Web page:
It was summer 2019 when I started feeling pain in my leg. At first I thought it was workout pain or maybe I pulled a muscle. I decided to see a doctor who said everything was fine. “Just take some prescription ibuprofen. You should feel better in about a week. ”So I did just that and continued my normal routine.
However, I also got some swelling in my lower leg. I went to another doctor who recommended physical therapy.
The therapist noticed the swelling and that the skin was shiny and recommended that I take an X-ray, which I was told looked good and could continue with therapy.
About a week later I decided to go to a local restaurant and then go home. After dinner, I went down one block and called a friend who was at the restaurant and told her to come out and help me. I could not move. She called an Uber so I could come home. The driver helped me out of the car and some people standing in front of the building helped me get into my apartment.
A few days later, I hobbled into the bathroom to put rolls in my hair. After I put the last roller on, I fell and it felt like a crack in my leg.
I was able to call 911 – the phone was with me in the bathroom – and when I got to the emergency room they did a CT scan of my leg. A doctor showed me the x-ray and I saw a large globe pop out of my thigh bone.
I asked him: “Is that cancer?” And he replied, “Yes, it is.”
I was taken to another hospital to have part of my thigh bone removed and a rod inserted. Before the operation, I was scanned again, this time on my entire body. When the results came back I was told that cancer cells were also in my spine and skull and that the cancer was stage 4. I later learned that it was breast cancer cells that had migrated to these parts of my body.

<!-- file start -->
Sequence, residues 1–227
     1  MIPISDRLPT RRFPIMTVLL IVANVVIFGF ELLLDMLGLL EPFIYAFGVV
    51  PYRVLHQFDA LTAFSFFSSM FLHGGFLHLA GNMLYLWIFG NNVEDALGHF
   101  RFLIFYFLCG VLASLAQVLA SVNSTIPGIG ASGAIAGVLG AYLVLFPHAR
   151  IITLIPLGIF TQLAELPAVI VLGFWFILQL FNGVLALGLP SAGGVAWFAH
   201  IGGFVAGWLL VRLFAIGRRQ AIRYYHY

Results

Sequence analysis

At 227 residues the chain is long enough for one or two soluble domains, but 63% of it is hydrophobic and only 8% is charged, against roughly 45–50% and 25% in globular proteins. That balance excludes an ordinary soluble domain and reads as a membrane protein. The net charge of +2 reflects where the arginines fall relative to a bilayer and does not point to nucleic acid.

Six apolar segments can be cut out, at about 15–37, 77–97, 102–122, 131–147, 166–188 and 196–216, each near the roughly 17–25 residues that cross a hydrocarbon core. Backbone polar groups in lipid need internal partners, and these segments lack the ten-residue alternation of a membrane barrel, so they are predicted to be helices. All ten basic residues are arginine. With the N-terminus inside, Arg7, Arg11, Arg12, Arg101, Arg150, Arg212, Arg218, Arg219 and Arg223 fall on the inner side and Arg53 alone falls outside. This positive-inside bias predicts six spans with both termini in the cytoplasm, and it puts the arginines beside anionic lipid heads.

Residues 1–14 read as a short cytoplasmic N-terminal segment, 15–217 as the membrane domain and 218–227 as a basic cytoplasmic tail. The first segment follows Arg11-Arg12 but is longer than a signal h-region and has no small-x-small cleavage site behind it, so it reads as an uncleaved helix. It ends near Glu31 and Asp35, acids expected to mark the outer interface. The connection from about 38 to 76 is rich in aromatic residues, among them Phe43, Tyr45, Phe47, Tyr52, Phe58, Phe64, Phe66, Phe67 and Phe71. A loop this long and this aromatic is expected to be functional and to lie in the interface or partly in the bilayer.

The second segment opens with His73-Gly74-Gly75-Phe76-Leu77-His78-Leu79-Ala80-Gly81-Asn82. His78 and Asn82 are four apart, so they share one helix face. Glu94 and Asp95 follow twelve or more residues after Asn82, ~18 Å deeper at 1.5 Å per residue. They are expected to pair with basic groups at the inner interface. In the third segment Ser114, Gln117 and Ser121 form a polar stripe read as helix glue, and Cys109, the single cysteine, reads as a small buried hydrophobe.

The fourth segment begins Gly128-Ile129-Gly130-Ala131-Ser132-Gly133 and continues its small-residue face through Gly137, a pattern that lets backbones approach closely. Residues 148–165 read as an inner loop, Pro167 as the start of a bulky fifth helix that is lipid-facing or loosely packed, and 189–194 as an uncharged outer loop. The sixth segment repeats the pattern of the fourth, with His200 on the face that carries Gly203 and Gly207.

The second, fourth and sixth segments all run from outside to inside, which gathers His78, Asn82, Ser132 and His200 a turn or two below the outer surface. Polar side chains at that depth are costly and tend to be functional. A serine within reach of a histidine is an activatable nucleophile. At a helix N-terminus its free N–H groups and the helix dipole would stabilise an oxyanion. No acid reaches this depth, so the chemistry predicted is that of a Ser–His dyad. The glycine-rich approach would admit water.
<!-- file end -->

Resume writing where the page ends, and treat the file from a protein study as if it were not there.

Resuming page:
I now had metastatic breast cancer.
Despite this devastating news, I still held onto my faith in God and have not lost hope. I’m back at VHC for treatments. I’m also back in physical therapy, learning to walk again and gain strength in my leg. After a lot of hard work, I switched from a wheelchair to a walker to a cane. I hope to be able to walk alone again one day without help.
After a recent scan, I learned that there were no active cancer cells that would put me in remission. Even though I’ve heard this wonderful news, I know I can’t give up. I need to stay in prayer, continue visits to the doctor, exercise, and eat right in order to stay healthy and, hopefully, remain in this state.
I fight the good fight and trust God every step of the way.
If there is any advice I can give you from my trip it is:
1. Listen to your body … If something doesn’t feel right, see a doctor right away.
2. If you are not comfortable with your diagnosis, always get a second opinion. I would even recommend getting a third or fourth opinion until you are comfortable with the information you are given.
3. You are your best lawyer. If in doubt, ask for an exam.
4. Find a good and positive support network. Smiling faces and calm spirits will surely help make your trip a lot smoother.
5. You can do this – even on your own. I’ve become my own caregiver since the pandemic, and when people can help me, I’m grateful. I put on my brave face again and gathered the strength to prepare my own meals, go to medical appointments, take short walks to exercise, and so on. Situations can change in life, but please know that you can. Even alone. Never give up. Keep fighting the good fight.
6. Most importantly, trust in God’s love and never lose faith or hope!